Because many of the early signs and symptoms of LAM (lymphangioleiomyomatosis) are similar to those of other lung diseases, including asthma, emphysema and bronchitis, LAM can be difficult to diagnose. On average, women with LAM have symptoms for 3 to 5 years and suffer an average of 2.2 pneumothoraces before the diagnosis of LAM is made.
There are a number of tests that can confirm or rule out the existence of LAM and evaluate the extent of the disease or of lung damage. These include:
- Patient profile involves obtaining a full history, including smoking, use of birth control pills, seizure history and family history of tuberous sclerosis complex (TSC). Physical evidence of TSC should be sought carefully. Common skin findings of TSC include:
- Angiofibromas (acne-like small reddish nodular lesions on the face, especially the nose and cheeks)
- Subungual fibromas (fibrous nodules arising around or beneath the nails)
- Shagreen's patches (rough, elevated lesions commonly seen on the lower back)
- Hypomelanotic macular lesions, also referred to as ash leaf lesions (oval or ash leaf-shaped lesions with decreased pigmentation as compared to the surrounding skin)
The most common presentation of LAM is progressive dyspnea on exertion (difficulty breathing with physical activity), often in association with a history of pneumothorax (lung collapse) or chylothorax (collection of lymphatic fluid around the lungs). Pneumothorax can also be the event that suggests the diagnosis of LAM in patients who do not have dyspnea on exertion. Other symptoms of LAM include chest pain or coughing.
- High-resolution CT (HRCT) scan is the most accurate imaging test for diagnosing LAM, providing a correct diagnosis more than 80% of the time. It provides a detailed 2D image of the inside of the lungs and chest, revealing cysts or abnormal clusters of cells in the lungs and whether cysts have spread, a collapsed lung and/or enlarged lymph nodes.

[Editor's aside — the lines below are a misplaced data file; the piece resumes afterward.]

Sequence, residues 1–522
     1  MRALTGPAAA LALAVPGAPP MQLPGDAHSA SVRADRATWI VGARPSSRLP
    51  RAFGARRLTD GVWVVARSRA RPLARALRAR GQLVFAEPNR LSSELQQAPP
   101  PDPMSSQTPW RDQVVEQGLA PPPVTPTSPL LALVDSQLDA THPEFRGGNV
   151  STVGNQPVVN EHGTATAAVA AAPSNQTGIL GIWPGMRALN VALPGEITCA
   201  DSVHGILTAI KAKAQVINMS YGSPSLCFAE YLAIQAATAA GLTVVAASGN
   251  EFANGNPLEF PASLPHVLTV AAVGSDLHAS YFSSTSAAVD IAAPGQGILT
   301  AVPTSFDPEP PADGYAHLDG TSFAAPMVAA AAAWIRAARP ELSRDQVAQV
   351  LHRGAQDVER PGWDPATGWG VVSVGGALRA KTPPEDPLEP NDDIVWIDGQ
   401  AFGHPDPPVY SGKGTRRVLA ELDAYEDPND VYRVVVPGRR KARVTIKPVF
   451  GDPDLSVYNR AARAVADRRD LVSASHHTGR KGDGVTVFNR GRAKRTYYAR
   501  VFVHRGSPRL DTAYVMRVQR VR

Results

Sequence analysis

HRCT is recommended:
For patients with known Tuberous Sclerosis Complex (TSC):
- All females, at least once after the age of 18
- All patients who present with pneumothorax or chylothorax
For patients who do not have known TSC:
- All non-smoking women who present with spontaneous pneumothorax
- All women who present with recurrent spontaneous pneumothorax regardless of smoking status
- All women found to have an angiomyolipoma, abdominal lymphangiomyoma or chylous effusion
- Abdominal CT scan or ultrasound is recommended to evaluate for benign kidney tumors (angiomyolipomas), which are found in about 40 percent of women with LAM, and in cases where abdominal cuts of a chest CT are inadequate.
- VEGF-D blood-based diagnostic test can distinguish LAM from other cystic lung diseases that present with similar HRCT scan appearances. In patients with a compatible HRCT chest, a high VEGF-D value (greater than 800pg/ml) is diagnostic for LAM, and no other confirmatory test is needed in that scenario. Thus, a high VEGF-D level can save the need for an invasive lung biopsy to diagnose LAM. It is important to remember, however, that a normal VEGF-D level does not rule out the diagnosis of LAM. VEGF-D may also be useful as a screening test for LAM in women with TSC.